Guatemala Huehuetenango La Barranca
Guatemala Huehuetenango La Barranca Espresso Roast
Sometimes when we roast a coffee for espresso, we like to develop it a bit beyond the bright and juiciest potential. Often there is something really nice about sweetening up the acidity with a little more development. This also helps with soluble (strength if you will) in milk. But the resulting espresso is a dream, I mean make me a round with a cappuccino, a flat white, followed by an espresso chaser. Having tasted this through the profiles, this roast is so nice!
Farm Stuff/ Top Trumps
Farm: La Barranca (The Cliff)
owner: Francisco Ariel De Leon
Town: Aldea El Coyegual, San Antonio Huista
Varietal: Catuaí, Caturra, Mundo Novo, Bourbon
Processing: Washed, sundried on patio
Size of Finca: 3 Hectares
Coffee produced:107 bags of 69kgs (avg.Year)
Rainfall: 2,000 ml
Temperature :18 – 28ºC
Water Supply: Natural Spring Water
Shade Trees: Chalun, Gravilea, and fruit trees
Roast: Rich Filter/ Medium Espresso
Recipe: In espresso, we have been enjoying this on lots of different machines! From a La Marzocco Linea mini to a La Marzocco PB ABR and even a Sage Barista Pro. In general, a 1-2 ratio is a good place to start with milk-based drinks. As always we tend to increase the amount of water in espresso as ratios go this could be more like 1-2.5. We have been brewing 4-14 days from roast.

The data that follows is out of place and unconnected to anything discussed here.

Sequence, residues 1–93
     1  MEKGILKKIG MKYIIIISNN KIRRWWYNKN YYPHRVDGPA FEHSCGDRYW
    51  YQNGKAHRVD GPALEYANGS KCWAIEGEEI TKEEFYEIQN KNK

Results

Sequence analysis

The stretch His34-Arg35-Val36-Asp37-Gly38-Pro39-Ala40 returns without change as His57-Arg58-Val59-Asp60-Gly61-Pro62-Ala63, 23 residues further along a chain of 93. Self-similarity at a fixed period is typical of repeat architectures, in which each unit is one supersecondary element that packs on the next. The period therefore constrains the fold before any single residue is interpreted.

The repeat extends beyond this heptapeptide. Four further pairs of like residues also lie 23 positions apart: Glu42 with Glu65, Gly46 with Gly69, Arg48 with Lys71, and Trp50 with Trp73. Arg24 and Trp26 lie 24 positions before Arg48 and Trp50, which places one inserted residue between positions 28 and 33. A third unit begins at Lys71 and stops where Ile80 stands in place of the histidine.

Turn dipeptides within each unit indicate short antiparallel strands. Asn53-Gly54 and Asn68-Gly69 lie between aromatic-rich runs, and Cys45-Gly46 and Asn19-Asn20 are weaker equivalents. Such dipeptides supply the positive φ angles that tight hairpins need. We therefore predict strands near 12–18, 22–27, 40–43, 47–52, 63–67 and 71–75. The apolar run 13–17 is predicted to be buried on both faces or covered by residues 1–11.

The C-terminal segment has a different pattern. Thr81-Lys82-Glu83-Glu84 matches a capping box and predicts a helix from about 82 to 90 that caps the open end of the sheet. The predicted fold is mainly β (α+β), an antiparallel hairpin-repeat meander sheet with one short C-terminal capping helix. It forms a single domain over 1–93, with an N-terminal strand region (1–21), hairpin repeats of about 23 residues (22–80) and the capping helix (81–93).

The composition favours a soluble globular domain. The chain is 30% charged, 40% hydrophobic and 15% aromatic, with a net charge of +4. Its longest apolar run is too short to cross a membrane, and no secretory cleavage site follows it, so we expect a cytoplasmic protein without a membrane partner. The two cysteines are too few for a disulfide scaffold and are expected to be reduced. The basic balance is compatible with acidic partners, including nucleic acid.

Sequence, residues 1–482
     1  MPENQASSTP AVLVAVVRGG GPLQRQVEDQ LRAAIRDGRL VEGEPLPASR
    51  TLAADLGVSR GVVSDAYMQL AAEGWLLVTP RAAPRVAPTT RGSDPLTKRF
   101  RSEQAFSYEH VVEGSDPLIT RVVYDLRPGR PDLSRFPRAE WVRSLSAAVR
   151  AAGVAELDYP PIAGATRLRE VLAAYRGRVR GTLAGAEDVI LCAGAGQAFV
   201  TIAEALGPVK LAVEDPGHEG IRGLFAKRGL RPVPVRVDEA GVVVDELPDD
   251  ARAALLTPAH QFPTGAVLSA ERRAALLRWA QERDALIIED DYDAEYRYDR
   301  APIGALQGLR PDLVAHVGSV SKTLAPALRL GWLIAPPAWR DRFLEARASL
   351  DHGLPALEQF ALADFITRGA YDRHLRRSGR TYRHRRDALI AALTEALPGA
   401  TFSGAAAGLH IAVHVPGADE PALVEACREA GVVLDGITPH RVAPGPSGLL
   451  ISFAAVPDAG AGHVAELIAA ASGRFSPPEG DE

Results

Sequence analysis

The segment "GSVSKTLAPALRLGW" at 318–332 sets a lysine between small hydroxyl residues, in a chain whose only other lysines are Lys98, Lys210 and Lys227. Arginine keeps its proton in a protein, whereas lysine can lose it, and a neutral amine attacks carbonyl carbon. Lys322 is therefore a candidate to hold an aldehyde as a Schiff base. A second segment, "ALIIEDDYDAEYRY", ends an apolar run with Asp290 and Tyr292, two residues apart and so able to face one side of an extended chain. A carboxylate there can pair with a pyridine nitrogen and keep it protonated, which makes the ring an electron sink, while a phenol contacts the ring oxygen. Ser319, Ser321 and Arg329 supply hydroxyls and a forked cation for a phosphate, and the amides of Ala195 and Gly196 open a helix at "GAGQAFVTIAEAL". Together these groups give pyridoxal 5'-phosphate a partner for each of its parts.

Cup potential: For me, this is sweet and appley with some nice spicy notes. In espresso, this is incredibly sweet and the acidity is in no way high. In milk, all of the usual lactic caramels and the spice comes through.
Francisco is a first-generation coffee farmer. Francisco’s’ land is called La Barranca, in English “The Cliff”, which gets its name from the fact of how steep the land is, which has been planted with trees and flowers to avoid erosion. After many years of owning the land, in difficult financial times, he has finally been able to plant and start producing.
THOUGHTS FROM THE PRODUCER
“We started with coffee several years ago and since then we have worked with socio-environmental responsibility. Among other agronomical practices, we have been avoiding soil erosion and the health of our employees is important to us”.